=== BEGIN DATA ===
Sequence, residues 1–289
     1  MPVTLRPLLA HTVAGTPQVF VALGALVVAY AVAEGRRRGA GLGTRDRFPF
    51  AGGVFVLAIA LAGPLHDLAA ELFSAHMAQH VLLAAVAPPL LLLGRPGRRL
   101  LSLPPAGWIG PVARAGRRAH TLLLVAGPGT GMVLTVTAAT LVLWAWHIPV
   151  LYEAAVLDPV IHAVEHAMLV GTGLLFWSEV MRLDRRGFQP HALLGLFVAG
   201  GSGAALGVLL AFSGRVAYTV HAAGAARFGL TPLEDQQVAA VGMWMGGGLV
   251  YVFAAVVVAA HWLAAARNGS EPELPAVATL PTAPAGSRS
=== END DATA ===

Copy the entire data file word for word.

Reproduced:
Sequence, residues 1–289
     1  MPVTLRPLLA HTVAGTPQVF VALGALVVAY AVAEGRRRGA GLGTRDRFPF
    51  AGGVFVLAIA LAGPLHDLAA ELFSAHMAQH VLLAAVAPPL LLLGRPGRRL
   101  LSLPPAGWIG PVARAGRRAH TLLLVAGPGT GMVLTVTAAT LVLWAWHIPV
   151  LYEAAVLDPV IHAVEHAMLV GTGLLFWSEV MRLDRRGFQP HALLGLFVAG
   201  GSGAALGVLL AFSGRVAYTV HAAGAARFGL TPLEDQQVAA VGMWMGGGLV
   251  YVFAAVVVAA HWLAAARNGS EPELPAVATL PTAPAGSRS